While most of us like to chase higher returns by moving and leaving stocks, ETFs and mutual funds, a few, perhaps smarter investors create a diversified portfolio and just let it work.
It is human nature to try to outperform the market by trying to pick ten tenants or connect to economic growth in India or Brazil. Undoubtedly, high returns are achievable, and the gloomy performance of broad indices such as the S&P 500 has disappointed most passive investors over the past few years.
Although we offer investors six model ETF portfolios, one of the most popular is our “Gone Fishing” portfolio, which was part of our Starter Kit ETF and hasn’t changed at all. It contains 14 ETFs ranging from iShares COMEX Gold (IAU) to an ETF that tracks the S&P Global 100 (IOO).
30% of the portfolio is allocated to three fixed income ETFs such as iShares Lehman Aggregate (AGG), 20% to broad and regional international ETFs such as iShares MSCI Pacific Ex-Japan (EEP). 20% of the portfolio is allocated to U.S. stocks, well balanced between small-cap, medium-cap and mega-capitals.
How did you manage with this simple and balanced portfolio? In 2005, it rose 11.43% against less than 5% for the S&P 500, and this year it rose 6.3% vs. 2.97% for the S&P 500. The key, of course, is the right combination ETFs, so failures are likely to be offset by sectors on fire.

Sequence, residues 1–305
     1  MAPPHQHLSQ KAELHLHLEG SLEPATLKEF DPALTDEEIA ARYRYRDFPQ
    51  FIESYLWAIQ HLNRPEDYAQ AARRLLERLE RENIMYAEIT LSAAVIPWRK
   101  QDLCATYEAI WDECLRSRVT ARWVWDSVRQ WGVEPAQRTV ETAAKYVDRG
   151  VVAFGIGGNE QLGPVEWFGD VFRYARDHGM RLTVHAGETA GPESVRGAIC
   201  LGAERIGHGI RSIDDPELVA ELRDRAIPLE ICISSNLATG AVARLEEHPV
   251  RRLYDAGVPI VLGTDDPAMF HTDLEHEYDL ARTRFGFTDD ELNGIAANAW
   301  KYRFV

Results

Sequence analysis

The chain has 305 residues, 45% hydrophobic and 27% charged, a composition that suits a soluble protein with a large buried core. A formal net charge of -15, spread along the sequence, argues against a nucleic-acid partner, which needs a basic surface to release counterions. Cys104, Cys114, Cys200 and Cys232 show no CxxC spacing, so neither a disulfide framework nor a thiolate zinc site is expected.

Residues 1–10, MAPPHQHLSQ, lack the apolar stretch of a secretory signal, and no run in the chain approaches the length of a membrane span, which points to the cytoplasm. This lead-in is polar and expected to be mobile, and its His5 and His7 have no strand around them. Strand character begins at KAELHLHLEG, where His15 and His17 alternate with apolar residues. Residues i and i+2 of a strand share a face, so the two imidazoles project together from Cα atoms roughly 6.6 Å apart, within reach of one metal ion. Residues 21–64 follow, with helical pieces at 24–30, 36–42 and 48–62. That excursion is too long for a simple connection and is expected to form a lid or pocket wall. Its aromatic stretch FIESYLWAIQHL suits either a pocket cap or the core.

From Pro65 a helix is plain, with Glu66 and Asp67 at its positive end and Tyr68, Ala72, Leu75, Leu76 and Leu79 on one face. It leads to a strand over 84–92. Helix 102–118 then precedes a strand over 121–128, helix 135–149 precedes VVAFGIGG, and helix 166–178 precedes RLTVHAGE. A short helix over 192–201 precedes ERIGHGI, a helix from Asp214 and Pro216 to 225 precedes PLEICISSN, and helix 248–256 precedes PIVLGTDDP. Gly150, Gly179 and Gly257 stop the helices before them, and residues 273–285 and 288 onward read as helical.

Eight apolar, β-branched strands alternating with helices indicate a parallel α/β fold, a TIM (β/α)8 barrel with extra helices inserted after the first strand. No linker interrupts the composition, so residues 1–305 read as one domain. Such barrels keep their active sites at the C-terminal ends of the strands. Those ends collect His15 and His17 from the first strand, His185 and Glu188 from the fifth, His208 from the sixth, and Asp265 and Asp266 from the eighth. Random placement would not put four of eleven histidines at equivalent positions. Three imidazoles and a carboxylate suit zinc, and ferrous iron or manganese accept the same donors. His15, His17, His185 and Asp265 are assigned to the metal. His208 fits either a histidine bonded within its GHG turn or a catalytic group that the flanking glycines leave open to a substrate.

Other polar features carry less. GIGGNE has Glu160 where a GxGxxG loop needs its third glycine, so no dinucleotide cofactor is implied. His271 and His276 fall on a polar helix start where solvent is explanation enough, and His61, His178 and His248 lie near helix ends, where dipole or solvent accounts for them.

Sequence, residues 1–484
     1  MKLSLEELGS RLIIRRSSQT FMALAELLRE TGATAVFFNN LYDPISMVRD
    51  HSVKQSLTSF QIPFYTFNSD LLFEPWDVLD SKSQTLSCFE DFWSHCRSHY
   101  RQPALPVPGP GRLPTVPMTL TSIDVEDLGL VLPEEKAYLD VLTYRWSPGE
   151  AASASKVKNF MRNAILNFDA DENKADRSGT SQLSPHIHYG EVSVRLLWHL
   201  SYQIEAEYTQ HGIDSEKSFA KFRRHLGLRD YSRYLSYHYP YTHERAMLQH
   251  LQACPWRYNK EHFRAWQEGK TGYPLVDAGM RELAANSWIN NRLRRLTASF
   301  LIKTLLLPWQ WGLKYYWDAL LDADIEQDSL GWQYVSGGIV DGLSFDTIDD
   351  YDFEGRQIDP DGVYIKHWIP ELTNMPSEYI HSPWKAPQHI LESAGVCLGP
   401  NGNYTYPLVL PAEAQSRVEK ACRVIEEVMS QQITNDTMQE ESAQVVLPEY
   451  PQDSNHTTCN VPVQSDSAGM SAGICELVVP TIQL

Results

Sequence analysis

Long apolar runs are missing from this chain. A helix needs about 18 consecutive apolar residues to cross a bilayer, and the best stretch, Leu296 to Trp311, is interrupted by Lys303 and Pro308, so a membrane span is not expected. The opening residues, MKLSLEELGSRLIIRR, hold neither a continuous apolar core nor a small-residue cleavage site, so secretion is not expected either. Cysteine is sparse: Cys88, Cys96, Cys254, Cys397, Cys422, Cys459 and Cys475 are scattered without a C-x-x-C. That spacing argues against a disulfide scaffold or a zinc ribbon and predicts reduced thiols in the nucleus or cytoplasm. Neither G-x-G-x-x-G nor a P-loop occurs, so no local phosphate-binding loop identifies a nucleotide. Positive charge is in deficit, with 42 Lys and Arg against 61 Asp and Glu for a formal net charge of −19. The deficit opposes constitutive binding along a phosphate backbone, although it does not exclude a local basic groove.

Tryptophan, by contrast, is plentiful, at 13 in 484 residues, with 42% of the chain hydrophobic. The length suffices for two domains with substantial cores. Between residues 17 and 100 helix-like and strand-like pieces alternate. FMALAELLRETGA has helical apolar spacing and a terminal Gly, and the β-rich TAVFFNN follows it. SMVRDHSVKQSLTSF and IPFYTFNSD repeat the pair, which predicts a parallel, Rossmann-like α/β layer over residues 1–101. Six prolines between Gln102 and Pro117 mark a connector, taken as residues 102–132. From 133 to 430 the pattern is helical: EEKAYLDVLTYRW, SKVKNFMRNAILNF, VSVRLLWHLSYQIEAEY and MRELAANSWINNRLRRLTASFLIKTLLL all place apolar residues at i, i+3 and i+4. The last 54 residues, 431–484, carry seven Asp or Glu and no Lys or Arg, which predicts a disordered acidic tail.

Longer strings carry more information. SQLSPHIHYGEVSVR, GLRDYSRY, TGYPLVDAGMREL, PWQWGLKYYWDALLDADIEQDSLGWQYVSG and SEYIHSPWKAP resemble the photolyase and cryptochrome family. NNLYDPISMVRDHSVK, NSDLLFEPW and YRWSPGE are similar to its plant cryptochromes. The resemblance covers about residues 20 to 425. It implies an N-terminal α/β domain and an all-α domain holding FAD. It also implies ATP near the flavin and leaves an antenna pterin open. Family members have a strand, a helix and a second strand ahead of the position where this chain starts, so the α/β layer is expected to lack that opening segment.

ETFs provide investors with the best tools to build a “Gone Fishing” portfolio because they are low in cost and tax. The weighted annual portfolio fee is 0.58%, and there has been no allocation of capital gains for the iShares family of ETFs for the past four years.
But for those adventurous souls who crave thrills and profit from the pursuit of higher returns with commensurate risk, ETFs are also a good tool. Country-specific ETFs are often highly concentrated due to market capitalization weights, and ETF sector funds also offer exciting but challenging opportunities. ETFs can also be short, and options are available for many.
The Chartwell Global Tactical Asset Allocation ETF service and portfolio ($ 1995 per year) contains a more limited number of ETFs and closed-end funds and does not shy away from risk. Thailand (TF) and Brazil (EWZ) are the two current holdings, and the portfolio grew 23% this year, surpassing the S&P 500 index by a 7 to 1 advantage.
Whether you are a fishing investor or more aggressive and trading-oriented, ETFs should be in your set of investment instruments and can complement stocks and mutual funds well. Make sure you spend most of your portfolio on a diversified conservative portfolio to protect your capital and always have time to fish throughout the day.